Daily intrinsic quality control for performance evaluation of dual-headed gamma camera
Jisna Joshy, B. Surya, E. R. Radhakrishnan, I. V. Upadhya, F. R. Kingsley, Jephy Joseph, Raghi Jose, KK Kamaleswaran, Ajit Shinto
Department of Nuclear Medicine and PET CT, Kovai Medical Centre and Hospital, Coimbatore, Tamil Nadu, India
Aim: To evaluate the performance of dual-head gamma camera intrinsic uniformity test. Introduction: The intrinsic uniformity test is a part of the quality assurance program that ensures high standards of efficiency and reliability in the use of a gamma camera. Thus the changes in the performance of a gamma camera system can be avoided that might affect the interpretation of clinical studies. Materials Required: Point source (35 microCurie), lead mask, plastic sheet or absorbent sheet, source mounting for point source were the materials required. Methods: Intrinsic uniformity must be assessed daily and after each repair; it must be critically evaluated and any necessary action must be undertaken before using a gamma camera for patient imaging. Intrinsic uniformity quality control done from January to August were recorded. The integral and differential intrinsic uniformity test for both useful field of view and central field of view are done by placing a point source of 99m Tc in front of the detectors with removed collimators to measure the effect of source activity, source volume, source-to-camera distance, count rate, and correction matrix intrinsic uniformity. Intrinsic uniformity test has been performed as part of the acceptance testing of the Siemens Signature Series (Dual Head) single photon emission computed tomography system. The retrospective data compiled for January 2017–August 2017 will be presented in a graphical form, during the meeting.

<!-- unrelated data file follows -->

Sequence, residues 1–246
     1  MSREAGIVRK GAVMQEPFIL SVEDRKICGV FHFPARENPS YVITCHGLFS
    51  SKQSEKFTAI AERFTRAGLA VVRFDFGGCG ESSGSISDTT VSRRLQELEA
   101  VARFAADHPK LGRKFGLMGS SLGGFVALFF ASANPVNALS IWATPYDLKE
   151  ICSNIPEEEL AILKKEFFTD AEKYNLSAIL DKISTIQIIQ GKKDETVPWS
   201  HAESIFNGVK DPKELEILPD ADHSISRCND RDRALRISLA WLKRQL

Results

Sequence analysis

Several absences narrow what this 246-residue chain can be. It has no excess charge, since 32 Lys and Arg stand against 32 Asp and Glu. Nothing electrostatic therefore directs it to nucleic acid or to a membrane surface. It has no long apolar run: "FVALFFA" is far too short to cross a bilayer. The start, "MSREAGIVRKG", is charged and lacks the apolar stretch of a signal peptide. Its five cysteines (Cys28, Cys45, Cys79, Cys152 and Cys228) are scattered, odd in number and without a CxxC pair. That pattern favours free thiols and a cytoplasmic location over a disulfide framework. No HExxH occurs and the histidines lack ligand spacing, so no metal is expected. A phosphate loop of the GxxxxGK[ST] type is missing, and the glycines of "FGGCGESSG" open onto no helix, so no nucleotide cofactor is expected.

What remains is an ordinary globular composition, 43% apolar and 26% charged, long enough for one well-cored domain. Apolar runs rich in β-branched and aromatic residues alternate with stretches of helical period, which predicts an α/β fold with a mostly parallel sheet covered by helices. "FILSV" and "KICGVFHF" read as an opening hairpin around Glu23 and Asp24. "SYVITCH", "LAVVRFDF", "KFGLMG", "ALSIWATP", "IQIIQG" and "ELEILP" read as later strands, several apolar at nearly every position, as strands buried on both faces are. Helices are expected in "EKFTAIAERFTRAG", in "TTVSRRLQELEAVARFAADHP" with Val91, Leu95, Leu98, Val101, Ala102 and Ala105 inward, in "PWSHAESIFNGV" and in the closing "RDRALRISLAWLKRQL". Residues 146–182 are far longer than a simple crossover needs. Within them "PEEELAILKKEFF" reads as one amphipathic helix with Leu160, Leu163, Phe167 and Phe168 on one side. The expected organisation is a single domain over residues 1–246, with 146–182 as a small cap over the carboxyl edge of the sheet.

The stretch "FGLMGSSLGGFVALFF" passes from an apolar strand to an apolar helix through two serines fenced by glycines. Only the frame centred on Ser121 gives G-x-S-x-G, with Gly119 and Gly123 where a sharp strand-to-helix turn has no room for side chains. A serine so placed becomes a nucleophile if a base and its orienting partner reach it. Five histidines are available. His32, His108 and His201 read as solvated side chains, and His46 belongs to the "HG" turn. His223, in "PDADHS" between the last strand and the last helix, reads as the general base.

| PP 63:111020|| |
Area monitoring for radiation surveillance